The United States Food and Drug Administration (FDA) will consider a new standard of identity for imported olive oil after a citizen’s petition filed by the North American Olive Oil Association and the Spanish giant Deoleo last month.
Among the proposed regulations is a 0.5 percent free fatty acidity (FFA) maximum for extra virgin olive oil, lower than the current 0.8 percent limit set in international standards.
The proposed change was regarded in Greece as an illegitimate attempt by Spanish olive oil conglomerates and their American partners to bypass competition from Greece and Italy in the wake of U.S. tariffs.
Spain was hit with a 25 percent tariff for bottled olive oil to the U.S. last October, which impacted almost half of its annual exports headed to the American market.
Since then, many Spanish producers have started to bottle their olive oil in Portugal or Tunisia to elude tariffs, while leaving less room for profits, the Office of Financial and Commercial Affairs of the Greek Embassy in Madrid said in a market research analysis.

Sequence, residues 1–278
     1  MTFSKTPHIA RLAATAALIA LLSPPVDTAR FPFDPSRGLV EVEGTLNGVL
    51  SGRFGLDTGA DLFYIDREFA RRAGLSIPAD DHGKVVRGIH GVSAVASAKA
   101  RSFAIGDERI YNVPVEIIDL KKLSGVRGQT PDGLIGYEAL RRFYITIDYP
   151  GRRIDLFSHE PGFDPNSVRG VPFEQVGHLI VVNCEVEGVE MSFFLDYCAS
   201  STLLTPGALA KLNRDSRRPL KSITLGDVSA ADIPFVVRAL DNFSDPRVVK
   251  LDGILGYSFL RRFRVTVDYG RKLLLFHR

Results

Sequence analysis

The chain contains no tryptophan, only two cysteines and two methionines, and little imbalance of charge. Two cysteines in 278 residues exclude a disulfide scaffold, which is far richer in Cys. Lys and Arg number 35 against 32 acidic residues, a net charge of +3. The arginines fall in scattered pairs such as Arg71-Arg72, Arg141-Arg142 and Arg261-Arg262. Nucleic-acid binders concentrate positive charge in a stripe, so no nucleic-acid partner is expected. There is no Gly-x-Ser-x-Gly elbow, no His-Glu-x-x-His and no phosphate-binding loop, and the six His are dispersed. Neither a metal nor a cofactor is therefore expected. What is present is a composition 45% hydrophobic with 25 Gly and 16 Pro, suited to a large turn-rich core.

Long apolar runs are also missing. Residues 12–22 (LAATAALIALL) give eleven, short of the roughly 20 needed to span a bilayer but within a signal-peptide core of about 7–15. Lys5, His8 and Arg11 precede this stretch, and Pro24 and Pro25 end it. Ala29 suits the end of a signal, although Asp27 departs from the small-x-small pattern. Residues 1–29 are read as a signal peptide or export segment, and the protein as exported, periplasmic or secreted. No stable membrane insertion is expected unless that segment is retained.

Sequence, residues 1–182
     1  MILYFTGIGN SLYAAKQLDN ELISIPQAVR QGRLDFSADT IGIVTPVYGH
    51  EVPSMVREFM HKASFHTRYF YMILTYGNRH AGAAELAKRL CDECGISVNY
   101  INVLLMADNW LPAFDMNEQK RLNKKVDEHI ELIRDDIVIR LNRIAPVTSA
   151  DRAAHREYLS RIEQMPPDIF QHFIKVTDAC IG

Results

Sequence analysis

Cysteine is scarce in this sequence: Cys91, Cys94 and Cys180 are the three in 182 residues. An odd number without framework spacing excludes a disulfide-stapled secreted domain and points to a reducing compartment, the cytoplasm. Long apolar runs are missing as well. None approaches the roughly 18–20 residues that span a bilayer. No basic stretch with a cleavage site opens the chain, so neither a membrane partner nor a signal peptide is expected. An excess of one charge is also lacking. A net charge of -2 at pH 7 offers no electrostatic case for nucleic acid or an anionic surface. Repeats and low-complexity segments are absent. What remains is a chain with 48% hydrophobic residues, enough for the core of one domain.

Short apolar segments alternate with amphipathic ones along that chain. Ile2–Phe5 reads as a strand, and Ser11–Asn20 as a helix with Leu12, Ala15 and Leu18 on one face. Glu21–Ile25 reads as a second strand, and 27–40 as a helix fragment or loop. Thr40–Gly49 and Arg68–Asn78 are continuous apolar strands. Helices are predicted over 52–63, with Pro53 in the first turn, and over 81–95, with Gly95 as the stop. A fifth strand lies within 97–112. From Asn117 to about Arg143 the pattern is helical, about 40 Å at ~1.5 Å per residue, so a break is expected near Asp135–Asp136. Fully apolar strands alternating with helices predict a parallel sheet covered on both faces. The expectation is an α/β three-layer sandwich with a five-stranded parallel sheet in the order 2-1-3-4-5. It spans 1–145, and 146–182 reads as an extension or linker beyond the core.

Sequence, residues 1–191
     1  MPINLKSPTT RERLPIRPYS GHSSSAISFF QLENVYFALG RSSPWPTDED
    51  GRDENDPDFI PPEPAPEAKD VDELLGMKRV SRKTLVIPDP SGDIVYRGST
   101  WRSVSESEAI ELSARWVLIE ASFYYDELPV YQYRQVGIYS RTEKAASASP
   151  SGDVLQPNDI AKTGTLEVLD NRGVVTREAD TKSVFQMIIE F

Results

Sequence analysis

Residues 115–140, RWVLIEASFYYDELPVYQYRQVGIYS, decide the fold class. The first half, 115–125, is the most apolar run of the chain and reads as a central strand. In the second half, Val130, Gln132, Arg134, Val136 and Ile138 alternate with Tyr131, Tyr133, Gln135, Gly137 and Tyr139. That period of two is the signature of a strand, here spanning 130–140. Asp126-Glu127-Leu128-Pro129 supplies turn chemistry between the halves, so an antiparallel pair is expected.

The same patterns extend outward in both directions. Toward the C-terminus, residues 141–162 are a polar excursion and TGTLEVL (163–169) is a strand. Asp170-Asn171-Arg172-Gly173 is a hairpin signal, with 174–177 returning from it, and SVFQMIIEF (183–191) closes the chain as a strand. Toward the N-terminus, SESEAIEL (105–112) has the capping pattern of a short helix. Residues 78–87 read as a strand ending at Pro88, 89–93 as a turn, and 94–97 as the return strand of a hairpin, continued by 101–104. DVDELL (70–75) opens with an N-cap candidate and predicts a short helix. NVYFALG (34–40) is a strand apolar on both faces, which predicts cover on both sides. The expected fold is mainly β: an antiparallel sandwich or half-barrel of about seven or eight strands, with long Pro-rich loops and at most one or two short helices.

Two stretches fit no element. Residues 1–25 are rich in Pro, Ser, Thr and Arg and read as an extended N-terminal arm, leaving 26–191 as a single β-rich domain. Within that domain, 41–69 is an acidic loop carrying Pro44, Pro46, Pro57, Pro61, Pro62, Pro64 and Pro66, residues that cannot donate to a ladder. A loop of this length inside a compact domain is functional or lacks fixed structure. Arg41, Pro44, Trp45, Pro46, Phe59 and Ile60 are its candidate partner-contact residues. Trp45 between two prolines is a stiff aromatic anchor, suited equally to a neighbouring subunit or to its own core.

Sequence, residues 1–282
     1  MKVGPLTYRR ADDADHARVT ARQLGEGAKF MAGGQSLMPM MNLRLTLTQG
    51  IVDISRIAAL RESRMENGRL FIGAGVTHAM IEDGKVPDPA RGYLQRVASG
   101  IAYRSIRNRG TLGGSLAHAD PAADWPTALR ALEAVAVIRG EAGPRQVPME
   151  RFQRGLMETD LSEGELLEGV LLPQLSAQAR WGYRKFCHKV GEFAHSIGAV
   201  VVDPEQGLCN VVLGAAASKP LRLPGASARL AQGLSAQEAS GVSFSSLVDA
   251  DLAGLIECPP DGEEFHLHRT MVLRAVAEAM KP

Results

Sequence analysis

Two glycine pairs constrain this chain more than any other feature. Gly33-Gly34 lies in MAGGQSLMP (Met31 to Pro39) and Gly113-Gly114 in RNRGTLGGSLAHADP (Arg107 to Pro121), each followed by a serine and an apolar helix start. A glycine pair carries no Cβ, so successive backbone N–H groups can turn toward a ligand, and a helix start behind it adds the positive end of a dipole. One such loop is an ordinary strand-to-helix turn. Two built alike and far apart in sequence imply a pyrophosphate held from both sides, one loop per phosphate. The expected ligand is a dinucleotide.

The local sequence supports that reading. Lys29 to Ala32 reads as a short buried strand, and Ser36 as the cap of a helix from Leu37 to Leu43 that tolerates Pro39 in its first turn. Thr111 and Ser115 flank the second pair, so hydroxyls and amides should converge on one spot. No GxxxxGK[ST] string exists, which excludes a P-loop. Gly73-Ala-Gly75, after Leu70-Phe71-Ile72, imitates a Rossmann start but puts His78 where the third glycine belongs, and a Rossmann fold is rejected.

In a recent meeting, EDOE, the Greek Interprofessional Organization of Olive Oil, informed the minister of agriculture, Makis Vorides, about the petition filed with the FDA and asked for his intervention to protect the country’s olive oil production from what they consider “illicit practices,” Agro24 reported.
The ministry’s press release of the meeting contained no reference to the request.
EDOE said in a statement to Olive Oil Times that the contemplated changes would cause turbulence and further harm to Greek olive oil exporters.
“Such measures are not in favor of Greek producers,” they said. “It would be totally different to create a new category of high-quality olive oil with a lower acidity level than extra virgin like the extrissimo classification once proposed.”
“Lowering the maximum acidity of extra virgin to 0.5 percent from 0.8 percent will degrade several quality olive oils and will create market imbalances and unfair competition among suppliers of the U.S. market with a negative effect on prices and exported volumes of Greek extra virgin olive oil,” EDOE wrote.